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Many itching to join fight in Myanmar

 | September 7, 2017

A think tank says would-be mujahidin across Southeast Asia are stopped only by the Rohingya insurgents' inability to receive them.

Sydney-Jones-ipac-1

KOTA KINABALU: An Indonesian think tank has warned of the eagerness of many Southeast Asian citizens to join the Rohingya insurgents in their fight against Myanmar’s security forces.

The Jakarta-based Institute for Policy Analysis of Conflict (Ipac) said this was despite the insurgents’ apparent lack of a machinery to receive would-be fighters from neighbouring countries.

Hundreds of thousands of Rohingya refugees have fled Myanmar’s Rakhine state to escape religious persecution and to avoid being trapped in the fighting between government troops and the Arakan Rohingya Salvation Army (Arsa).

Ipac said there was a strong desire among some Southeast Asians to go to Myanmar to fight but they could not find ways of getting to the trouble spots.

“I think many want to go,” Ipac director Sydney Jones told FMT.

“For example, thousands of Indonesians are reported to have signed up through the FPI (Islamic Defenders Front) and other such groups, but they have no channel for getting in.

“Arsa has not indicated that it wants any outside reinforcements. Inexperienced volunteers are likely to be more of a hindrance than a help to them.

“Border officials in Bangladesh and Myanmar are also likely to stop these would-be mujahidin.”

Ipac, in its recent report entitled “How Southeast Asian and Bangladeshi extremism intersect”, urged governments, journalists and NGOs across the region to “look for interventions that can strengthen local resistance to recruitment”.

The report also said the “wild card” could be the new armed Rohingya insurgency operating along the Bangladeshi-Myanmar border, first called Harekat al-Yakin (Faith Movement) and now Arsa.

“Indonesian and Malaysian mujahidin have long been interested in helping their persecuted brethren in Myanmar, but have had no good channel for doing so,” the report said.

The report also warned of the possibility of pro-Islamic State citizens of Southeast Asian countries inciting the Rohingya communities amidst them to return home and fight the Myanmar military.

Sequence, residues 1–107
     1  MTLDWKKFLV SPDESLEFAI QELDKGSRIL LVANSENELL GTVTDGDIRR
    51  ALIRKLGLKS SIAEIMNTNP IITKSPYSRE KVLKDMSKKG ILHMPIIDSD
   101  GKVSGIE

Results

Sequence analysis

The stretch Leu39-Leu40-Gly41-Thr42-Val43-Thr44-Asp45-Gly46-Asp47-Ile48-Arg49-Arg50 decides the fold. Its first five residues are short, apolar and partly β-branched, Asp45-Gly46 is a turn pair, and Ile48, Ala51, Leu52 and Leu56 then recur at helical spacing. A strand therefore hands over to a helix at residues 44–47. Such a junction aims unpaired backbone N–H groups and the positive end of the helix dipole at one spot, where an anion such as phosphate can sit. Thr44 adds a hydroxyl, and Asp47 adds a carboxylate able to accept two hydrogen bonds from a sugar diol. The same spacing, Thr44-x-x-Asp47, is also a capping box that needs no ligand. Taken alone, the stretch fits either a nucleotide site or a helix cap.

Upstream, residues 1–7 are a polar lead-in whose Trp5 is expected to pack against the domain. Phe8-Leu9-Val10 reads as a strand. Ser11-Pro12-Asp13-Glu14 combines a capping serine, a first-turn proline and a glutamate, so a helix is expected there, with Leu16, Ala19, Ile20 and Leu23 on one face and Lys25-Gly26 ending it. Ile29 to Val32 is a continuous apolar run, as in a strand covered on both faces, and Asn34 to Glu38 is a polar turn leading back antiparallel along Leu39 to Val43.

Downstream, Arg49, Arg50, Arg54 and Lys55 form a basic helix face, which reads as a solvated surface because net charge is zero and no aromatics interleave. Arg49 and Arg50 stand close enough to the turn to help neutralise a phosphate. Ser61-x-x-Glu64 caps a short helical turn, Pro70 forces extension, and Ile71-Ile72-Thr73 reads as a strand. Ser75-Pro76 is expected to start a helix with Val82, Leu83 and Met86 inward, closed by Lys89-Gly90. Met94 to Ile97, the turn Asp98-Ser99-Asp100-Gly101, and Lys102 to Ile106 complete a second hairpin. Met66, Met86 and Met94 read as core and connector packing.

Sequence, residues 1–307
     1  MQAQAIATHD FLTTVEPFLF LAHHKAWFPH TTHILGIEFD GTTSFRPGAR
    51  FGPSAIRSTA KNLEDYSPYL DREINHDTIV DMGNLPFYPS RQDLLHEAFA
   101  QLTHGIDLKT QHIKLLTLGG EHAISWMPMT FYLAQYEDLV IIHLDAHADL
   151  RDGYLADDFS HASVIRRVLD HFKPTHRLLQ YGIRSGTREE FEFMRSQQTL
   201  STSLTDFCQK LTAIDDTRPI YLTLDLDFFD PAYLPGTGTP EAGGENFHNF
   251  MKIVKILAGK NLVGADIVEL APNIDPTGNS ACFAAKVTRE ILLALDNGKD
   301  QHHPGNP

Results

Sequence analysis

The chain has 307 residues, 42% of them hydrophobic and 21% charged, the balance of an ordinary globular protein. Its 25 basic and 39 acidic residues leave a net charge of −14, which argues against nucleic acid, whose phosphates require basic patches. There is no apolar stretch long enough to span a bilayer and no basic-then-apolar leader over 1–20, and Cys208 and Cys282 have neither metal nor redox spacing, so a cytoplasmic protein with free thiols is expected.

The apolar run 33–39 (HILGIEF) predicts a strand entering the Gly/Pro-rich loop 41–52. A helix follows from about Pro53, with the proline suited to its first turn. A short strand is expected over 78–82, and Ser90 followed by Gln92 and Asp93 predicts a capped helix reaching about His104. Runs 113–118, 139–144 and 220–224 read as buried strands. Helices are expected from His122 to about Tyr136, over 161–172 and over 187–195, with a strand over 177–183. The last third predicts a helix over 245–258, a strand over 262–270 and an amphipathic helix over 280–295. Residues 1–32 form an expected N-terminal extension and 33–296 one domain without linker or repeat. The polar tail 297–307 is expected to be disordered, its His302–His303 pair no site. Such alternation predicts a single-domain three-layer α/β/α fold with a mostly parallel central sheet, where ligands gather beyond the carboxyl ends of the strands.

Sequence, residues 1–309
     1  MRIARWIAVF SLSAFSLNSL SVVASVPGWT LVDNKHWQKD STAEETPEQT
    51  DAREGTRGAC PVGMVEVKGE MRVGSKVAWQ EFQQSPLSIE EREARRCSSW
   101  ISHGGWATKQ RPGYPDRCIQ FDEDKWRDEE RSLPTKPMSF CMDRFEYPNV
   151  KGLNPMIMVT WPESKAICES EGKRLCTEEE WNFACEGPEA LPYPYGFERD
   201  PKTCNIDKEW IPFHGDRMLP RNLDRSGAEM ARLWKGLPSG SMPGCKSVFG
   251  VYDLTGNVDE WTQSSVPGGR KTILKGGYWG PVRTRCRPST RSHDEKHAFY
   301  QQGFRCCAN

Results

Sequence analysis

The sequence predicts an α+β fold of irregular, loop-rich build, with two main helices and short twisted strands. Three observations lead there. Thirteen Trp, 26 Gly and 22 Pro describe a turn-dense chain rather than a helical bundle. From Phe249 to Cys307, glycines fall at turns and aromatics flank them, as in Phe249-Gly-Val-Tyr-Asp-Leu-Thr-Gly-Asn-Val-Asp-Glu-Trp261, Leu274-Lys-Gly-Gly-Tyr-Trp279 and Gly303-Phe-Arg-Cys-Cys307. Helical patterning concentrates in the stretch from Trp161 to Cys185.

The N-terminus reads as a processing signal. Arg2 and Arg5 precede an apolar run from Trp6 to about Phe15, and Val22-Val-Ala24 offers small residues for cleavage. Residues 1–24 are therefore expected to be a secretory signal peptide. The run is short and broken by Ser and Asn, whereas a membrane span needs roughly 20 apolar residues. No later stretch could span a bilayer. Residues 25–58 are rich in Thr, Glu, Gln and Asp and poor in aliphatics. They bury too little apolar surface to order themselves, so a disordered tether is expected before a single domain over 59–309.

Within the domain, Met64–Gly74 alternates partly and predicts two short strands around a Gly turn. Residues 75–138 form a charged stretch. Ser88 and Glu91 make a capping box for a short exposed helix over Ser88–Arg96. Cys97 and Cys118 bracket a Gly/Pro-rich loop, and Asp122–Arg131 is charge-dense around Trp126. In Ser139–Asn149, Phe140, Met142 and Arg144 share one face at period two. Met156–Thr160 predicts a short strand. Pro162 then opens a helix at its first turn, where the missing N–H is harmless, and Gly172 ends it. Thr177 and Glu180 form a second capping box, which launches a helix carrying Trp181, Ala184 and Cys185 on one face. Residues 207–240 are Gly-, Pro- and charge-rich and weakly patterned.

“The existence of an armed group (Arsa) on the border mounting attacks on Myanmar security forces could inspire pro-IS groups in Bangladesh, Indonesia and Malaysia to do more systematic recruiting among their Rohingya communities to find individuals willing to carry out attacks on their own,” said the report.

Jones said she believed social media would be an important tool in the recruitment of Southeast Asians for the fight in Myanmar.

“In Indonesia, for example, there are appeals going out through social media and mobile phone apps,” she said. “But again, I don’t think there’s much likelihood of a mass exodus to Myanmar yet.

“More likely – and this is something police may have to be prepared for – is retaliatory violence against Buddhists at home.”

Scores of Malaysians were reported to be among 20,000 foreign fighters, mostly from the Gulf states, who went to Afghanistan to help the mujahidin resist the Soviet invasion in the 1980s.

The situation in Myanmar might be seen as another opportunity to help save fellow Muslims, this time from persecution and ethnic cleansing.

However, Jones said travelling to Myanmar now would not be as easy as going to Afghanistan in the 1980s.

“For Afghanistan, there was a well-oiled machine that supplied funding, tickets and other forms of assistance to would-be fighters,” she said.

“There is no such machinery ready to assist Southeast Asians to get to Myanmar to help the Rohingya.

“What Muslim civil society should be doing is lobbying their governments to accept as many Rohingya refugees from Bangladesh as they can manage because it is beyond Bangladesh’s capacity to cope with the exodus.”

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